Steps To Fertilize Your Lawn Following these simple steps, along with the helpful Do's and Don'ts, can help make your lawn greener and stronger. Be sure to check the label or contact your local Cooperative Extension for the best application timings and amounts.
Adjust the spreader to the appropriate setting found on the fertilizer label.
Place spreader on a hard surface (driveway or patio) and add fertilizer. Sweep up any spills.
To be certain of even coverage, go around the edge of the lawn first, then make parallel passes across the middle. Overlap wheel passes for drop spreaders. Follow manufacturers instructions for broadcast spreaders.
To avoid over-application, turn the spreader off when you overlap edges, turn or stop. Walk at a normal pace and check the spreader often to make sure it is operating properly. Uneven application will result in uneven greening of the lawn or burning.
Sweep, brush or blow any accidentally applied material off driveways, sidewalks etc. back onto the lawn. Pour left-over fertilizer back in the bag.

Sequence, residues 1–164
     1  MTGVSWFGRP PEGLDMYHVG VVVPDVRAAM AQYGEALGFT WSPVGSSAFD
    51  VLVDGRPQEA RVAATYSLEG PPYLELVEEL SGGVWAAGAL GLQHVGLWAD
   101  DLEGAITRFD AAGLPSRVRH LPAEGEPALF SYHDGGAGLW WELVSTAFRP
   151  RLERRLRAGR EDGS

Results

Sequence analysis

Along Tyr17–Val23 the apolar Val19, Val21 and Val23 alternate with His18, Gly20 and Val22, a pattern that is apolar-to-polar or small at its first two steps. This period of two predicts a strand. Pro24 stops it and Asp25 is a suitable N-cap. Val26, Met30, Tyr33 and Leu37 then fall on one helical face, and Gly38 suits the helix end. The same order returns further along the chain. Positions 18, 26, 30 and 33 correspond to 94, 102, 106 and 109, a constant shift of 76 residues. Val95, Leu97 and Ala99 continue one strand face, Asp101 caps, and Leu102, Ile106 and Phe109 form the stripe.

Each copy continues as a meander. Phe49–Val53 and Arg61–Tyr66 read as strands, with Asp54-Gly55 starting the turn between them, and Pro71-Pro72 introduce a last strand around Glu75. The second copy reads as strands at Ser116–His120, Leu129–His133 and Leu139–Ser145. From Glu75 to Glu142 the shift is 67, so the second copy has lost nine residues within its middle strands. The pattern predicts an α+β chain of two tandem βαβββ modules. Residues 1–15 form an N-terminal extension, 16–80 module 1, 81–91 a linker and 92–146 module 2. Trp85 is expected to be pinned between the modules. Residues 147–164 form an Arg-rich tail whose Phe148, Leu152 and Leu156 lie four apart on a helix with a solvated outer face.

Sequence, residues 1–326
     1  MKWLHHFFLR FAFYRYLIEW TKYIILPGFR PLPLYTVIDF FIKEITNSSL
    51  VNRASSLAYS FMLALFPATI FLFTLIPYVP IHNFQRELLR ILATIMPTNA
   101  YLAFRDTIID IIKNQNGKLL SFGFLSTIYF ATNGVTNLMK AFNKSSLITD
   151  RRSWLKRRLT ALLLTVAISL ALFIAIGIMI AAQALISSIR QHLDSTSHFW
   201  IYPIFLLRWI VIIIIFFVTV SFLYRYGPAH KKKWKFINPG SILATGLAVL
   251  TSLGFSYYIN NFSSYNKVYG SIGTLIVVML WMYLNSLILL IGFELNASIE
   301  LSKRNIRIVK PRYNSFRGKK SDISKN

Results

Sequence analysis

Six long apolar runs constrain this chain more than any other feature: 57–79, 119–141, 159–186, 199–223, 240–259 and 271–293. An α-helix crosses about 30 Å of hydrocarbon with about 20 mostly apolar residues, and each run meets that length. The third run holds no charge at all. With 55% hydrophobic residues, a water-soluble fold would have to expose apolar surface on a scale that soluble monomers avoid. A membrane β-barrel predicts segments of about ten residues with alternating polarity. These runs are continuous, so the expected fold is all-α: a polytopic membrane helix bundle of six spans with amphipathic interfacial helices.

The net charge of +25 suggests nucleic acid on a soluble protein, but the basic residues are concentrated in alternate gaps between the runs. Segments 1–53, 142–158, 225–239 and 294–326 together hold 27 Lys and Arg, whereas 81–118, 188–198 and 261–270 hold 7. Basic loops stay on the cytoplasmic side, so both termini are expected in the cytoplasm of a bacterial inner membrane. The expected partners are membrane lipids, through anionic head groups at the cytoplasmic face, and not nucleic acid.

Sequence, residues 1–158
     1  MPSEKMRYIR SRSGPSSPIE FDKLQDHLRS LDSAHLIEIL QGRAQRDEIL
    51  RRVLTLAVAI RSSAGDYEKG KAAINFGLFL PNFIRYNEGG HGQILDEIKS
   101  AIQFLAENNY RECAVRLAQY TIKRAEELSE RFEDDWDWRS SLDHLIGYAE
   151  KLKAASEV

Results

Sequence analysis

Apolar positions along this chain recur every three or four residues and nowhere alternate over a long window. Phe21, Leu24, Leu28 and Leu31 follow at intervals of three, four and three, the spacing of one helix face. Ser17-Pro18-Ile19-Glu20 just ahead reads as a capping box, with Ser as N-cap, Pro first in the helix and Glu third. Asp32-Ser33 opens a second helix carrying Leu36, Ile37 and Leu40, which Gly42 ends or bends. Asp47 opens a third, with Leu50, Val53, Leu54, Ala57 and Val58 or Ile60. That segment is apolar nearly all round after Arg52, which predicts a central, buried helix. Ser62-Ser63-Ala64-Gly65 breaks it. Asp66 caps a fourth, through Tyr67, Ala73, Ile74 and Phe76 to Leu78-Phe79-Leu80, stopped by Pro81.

Place the spreader on the lawn and clean with a hose.
Lightly water the lawn to move the fertilizer off the grass blades and into the soil.
For most lawn fertilizers, you should see results in 7-10 days. Fertilizers with 100% slow-release nitrogen may take longer.
Always read and follow label instructions.
Wear gloves whenever handling fertilizers.
Have your soil tested (contact your local Cooperative Extension for info) — Certain soil characteristics, such as pH, can affect the availability of some nutrients.
Mow your lawn at least several days before feeding — Grass that is too tall may block spreader output.
To avoid burning the lawn — Use a fertilizer with at least 50% slow-release nitrogen.
If you spill fertilizer on the lawn — Clean up as much as possible (a small vacuum or hand broom may help) and water the spot heavily.
Never fertilize a dry lawn — You increase your chances of burning the grass. Water thoroughly a day or two before application.
Never fertilize if heavy rain is in the forecast — Heavy rain may wash fertilizer from the lawn and cause pollution.
Never fertilize during very hot weather — It increases the chances of burning the lawn. See fertilizer label for temperature restrictions.
Never use a hose to wash excess fertilizer into gutters or drains — Avoid polluting by sweeping or blowing fertilizer back onto lawn.
Do not apply near water —Storm drains or drainage ditches.
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